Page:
Ubuntu on mobile: How Shuttleworth & team are forging ahead

swapnil ubuntu team

From left to right: Sergio Schvezov, Oliver Grawert, David Planella, Daniel Holbach, Sebastian Bacher, Didier Roche, Swapnil Bhartita, Alan Pope, Marco Trevisan, Michael Hall.

Credit: Swapnil Bhartiya

I sat down with Canonical engineers to learn what makes Ubuntu a compelling platform.

RELATED TOPICS

There hasn't been a lot of good news for Linux on Mobile, as of late. In November 2015, Jolla, experiencedfinancial trouble, laid off most of its staff, and stopped work on the Jolla tablet. Then in December, Mozilla said it was putting the brakes on Firefox OS.

But Canonical is bucking the trend.

A few weeks after announcing their first Ubuntu tablet, the company has just announced their most powerful Ubuntu phone to date. And the company is not showing any signs of slowing down its  mobile plans.

One clear advantage Canonical has is that doesn’t have to struggle with hardware; in most cases they can run Ubuntu on Android hardware. That’s what they have done in partnership with Bq and Meizu.

But hardware is just one side of the story.

Towards convergence

Today, the mobile phone market is pretty much owned by Android and iOS. BlackBerry and Windows Phone are all but dead. And Canonical, which almost launched a device back in 2009, and arguably could have been dominant if not for Intel's struggle with its Moblin platform, is trying to play catch up in 2016.

Its strategy can be summed up in one word: Convergence. Canonical is creating one code base that will run across devices – mobile phones, tablet, PCs and even smart TVs.

This strategy has its own appeal for users, device manufacturers, and developers.

Let's look at it from a user’s point of view. I use both iPad Pro and Pixel C. They are great consumer devices, but both fail when it comes to doing work. Operating system restrictions make them unsuitable as  laptop replacements.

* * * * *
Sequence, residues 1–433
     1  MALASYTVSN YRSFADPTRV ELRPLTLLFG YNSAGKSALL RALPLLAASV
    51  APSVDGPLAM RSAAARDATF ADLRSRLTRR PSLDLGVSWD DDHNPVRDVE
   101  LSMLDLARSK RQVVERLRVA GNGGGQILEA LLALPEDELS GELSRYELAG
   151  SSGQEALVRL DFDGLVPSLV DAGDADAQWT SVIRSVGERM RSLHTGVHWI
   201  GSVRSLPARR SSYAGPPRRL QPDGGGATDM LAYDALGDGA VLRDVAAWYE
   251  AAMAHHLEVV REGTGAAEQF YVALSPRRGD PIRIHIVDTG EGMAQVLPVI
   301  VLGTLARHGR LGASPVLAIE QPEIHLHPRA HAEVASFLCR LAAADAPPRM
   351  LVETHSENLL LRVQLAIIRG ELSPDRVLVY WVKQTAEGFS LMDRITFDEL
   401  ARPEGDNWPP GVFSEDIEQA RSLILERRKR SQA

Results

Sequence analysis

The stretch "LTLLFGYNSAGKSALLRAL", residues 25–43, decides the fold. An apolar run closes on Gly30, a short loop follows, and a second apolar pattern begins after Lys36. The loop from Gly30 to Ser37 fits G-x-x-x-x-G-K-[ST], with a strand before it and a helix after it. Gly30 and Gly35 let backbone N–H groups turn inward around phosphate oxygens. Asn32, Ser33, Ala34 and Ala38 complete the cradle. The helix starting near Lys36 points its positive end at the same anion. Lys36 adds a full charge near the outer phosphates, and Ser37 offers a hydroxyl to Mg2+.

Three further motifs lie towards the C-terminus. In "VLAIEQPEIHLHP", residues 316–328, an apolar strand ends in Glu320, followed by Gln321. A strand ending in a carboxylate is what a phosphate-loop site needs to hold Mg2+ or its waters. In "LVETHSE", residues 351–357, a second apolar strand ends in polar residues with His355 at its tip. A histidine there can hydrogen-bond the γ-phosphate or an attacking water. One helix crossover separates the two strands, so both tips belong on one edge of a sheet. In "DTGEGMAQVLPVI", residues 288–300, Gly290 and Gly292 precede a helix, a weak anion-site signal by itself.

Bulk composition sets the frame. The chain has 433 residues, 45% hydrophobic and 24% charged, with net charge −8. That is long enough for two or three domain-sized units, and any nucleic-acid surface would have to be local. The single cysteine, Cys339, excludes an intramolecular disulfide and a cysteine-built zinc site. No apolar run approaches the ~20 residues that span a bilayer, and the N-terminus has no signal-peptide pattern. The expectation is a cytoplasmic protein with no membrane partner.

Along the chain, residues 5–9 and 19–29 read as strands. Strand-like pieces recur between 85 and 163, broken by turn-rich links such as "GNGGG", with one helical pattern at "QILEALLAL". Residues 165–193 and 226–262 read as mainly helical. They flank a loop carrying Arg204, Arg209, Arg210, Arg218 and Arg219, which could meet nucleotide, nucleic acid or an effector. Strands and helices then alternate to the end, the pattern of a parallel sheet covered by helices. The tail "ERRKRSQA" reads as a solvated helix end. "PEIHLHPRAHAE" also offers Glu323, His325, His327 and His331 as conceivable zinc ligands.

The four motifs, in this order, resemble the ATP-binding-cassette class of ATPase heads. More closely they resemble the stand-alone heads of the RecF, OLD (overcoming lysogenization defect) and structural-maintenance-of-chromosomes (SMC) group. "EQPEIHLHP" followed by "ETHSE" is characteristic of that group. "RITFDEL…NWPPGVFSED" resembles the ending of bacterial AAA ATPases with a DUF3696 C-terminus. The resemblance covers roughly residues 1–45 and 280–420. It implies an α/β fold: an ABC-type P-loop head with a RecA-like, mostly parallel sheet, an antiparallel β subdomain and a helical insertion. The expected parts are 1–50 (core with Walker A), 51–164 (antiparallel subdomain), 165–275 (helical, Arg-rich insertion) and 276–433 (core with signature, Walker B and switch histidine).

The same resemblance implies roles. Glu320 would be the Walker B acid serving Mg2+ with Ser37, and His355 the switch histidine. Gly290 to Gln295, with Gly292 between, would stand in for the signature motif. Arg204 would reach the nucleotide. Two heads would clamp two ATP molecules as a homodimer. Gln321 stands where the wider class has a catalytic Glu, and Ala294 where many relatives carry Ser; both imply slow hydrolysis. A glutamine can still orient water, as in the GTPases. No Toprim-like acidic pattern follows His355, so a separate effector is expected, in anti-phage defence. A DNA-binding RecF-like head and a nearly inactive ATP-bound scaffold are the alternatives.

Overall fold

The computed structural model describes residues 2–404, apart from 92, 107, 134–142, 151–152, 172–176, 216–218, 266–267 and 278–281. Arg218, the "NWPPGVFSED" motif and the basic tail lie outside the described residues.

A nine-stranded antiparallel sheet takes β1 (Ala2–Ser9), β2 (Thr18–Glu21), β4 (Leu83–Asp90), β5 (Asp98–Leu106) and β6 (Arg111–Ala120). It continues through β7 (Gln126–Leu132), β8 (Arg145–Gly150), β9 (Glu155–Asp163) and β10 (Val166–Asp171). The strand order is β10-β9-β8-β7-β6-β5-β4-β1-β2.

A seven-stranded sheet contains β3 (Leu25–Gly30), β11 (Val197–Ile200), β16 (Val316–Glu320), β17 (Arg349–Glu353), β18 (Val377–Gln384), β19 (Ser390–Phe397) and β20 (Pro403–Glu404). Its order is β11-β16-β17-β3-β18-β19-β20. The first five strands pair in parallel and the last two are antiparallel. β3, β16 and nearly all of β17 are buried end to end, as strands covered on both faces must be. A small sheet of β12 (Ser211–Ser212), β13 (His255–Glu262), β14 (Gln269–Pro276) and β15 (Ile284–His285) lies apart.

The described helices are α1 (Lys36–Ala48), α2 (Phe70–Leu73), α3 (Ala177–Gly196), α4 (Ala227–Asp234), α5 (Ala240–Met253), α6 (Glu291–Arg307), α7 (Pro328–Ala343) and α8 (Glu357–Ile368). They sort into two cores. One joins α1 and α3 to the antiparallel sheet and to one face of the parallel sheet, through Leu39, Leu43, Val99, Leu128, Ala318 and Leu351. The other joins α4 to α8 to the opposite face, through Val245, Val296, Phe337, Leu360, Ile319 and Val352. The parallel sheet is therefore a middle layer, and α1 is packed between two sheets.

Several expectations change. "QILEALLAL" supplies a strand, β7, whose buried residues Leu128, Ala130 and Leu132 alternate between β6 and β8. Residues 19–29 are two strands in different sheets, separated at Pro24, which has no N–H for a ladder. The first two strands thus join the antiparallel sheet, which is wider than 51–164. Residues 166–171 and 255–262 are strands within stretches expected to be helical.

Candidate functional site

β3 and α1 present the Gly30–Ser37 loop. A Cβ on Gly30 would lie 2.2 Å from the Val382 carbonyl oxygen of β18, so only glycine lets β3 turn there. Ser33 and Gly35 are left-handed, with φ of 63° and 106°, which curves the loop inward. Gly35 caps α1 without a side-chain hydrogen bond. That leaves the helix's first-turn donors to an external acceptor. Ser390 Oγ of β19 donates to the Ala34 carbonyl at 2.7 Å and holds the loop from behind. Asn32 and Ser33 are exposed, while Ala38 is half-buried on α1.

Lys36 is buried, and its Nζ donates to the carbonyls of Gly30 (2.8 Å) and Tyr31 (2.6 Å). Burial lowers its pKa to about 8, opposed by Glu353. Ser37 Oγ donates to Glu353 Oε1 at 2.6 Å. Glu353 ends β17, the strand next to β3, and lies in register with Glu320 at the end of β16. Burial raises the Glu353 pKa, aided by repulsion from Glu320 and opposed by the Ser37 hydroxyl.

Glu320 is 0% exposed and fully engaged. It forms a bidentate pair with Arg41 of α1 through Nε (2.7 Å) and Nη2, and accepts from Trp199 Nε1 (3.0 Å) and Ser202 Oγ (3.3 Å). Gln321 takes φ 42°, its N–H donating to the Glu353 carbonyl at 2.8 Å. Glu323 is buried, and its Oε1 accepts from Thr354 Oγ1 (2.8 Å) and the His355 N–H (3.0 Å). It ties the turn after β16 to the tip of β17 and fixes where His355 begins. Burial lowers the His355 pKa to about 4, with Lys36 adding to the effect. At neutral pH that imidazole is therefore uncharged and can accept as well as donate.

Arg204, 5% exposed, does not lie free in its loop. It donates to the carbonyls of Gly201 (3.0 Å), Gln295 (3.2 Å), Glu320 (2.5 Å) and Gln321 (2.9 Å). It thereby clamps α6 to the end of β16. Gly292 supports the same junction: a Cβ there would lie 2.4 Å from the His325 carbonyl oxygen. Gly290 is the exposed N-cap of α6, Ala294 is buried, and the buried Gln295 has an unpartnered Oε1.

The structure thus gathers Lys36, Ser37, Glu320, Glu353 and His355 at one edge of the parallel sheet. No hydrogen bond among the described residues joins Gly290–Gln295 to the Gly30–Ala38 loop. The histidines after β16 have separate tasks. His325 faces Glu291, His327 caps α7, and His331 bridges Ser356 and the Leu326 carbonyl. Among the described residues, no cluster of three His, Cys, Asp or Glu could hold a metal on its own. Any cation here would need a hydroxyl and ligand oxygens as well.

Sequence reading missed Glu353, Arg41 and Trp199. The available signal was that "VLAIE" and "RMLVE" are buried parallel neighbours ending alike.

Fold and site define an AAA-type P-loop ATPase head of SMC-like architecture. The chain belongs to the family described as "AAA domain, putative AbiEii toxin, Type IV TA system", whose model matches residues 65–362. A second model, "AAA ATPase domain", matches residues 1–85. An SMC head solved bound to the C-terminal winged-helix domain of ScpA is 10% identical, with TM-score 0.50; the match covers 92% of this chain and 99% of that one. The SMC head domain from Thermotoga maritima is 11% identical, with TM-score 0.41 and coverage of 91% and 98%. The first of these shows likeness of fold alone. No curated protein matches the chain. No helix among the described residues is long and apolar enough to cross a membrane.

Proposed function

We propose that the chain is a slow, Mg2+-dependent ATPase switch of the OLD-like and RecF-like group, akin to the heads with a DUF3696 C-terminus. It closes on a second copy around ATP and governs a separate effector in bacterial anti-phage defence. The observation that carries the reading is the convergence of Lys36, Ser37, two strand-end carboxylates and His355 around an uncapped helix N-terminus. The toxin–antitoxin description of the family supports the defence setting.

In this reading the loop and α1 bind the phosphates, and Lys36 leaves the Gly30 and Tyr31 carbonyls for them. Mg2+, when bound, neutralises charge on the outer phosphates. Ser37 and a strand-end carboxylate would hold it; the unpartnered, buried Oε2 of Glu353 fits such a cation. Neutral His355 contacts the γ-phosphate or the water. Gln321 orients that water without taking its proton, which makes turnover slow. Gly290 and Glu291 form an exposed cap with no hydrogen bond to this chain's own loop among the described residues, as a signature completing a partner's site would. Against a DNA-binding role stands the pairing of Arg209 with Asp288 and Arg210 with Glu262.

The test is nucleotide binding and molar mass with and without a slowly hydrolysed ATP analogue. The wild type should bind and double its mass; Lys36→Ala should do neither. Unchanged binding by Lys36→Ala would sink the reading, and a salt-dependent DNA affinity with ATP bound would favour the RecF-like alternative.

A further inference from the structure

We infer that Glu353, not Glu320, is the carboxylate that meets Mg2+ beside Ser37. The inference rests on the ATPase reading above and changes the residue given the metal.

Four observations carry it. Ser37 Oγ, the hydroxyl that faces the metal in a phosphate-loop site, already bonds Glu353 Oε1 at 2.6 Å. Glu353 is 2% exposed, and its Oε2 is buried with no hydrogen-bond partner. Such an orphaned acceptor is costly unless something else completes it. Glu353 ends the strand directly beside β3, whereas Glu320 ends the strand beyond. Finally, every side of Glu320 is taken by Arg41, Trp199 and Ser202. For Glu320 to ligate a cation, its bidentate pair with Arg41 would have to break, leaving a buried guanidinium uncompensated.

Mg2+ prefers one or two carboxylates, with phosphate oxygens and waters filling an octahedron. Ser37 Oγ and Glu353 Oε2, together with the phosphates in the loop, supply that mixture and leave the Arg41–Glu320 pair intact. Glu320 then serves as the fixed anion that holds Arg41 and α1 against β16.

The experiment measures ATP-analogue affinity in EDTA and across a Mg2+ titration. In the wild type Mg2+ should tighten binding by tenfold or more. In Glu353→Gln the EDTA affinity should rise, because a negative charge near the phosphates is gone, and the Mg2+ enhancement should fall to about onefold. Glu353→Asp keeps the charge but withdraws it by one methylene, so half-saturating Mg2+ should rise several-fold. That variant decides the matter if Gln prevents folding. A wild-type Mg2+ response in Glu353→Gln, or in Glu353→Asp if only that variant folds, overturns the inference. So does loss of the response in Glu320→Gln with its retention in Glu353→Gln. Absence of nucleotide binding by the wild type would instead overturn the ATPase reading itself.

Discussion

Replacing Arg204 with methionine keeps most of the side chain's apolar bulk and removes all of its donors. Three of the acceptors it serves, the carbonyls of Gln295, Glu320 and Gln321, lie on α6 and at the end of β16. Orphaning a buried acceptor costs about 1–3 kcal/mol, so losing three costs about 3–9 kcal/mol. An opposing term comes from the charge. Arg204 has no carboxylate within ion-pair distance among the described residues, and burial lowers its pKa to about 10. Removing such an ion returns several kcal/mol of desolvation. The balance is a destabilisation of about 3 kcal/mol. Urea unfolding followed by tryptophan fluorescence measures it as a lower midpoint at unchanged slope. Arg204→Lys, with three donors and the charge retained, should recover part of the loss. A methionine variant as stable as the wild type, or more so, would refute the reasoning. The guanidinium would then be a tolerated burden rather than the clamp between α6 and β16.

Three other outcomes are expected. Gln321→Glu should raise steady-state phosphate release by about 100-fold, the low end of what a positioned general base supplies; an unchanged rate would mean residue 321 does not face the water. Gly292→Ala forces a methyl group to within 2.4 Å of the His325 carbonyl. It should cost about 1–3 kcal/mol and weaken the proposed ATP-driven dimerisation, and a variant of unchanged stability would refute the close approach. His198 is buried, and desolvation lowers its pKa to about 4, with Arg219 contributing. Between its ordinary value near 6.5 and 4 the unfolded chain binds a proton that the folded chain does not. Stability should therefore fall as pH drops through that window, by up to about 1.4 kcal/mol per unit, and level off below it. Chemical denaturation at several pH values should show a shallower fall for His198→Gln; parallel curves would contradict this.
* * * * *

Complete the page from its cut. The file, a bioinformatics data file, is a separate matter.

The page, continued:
With Ubuntu, however, the moment I switch to ‘desktop’ mode, I can use my tablet as a general purpose laptop, or plug a monitor to my phone and start working on LibreOffice and GIMP.

From a device manufacturer's point of view, Ubuntu gives them a compelling story to tell their customers and helps them differentiate themselves.

For developers, the convergence strategy is a gift and a curse.

Ubuntu is one of the biggest communities in the Linux desktop world, but in mobile, they are dwarfed by the massive communities of Android and iOS.

To understand the software side of the equation I sat down with Mark Shuttleworth and the Ubuntu team at SCaLE 14x in January. In my discussion with the Canonical engineers I could sense that they need more developers to build more applications around Ubuntu.

What advantage is there for someone to write applications for Ubuntu?

“We have community developers who are working on different apps and when they ran into a platform limitation – what they want to do with their app is not in the API – they work with the OS team with the API developers and get the desired support," said Michael Hall, Community Manager at Canonical. "It allows them to actually implement features in the OS that they need for their apps. This is something you can’t do on any other platform."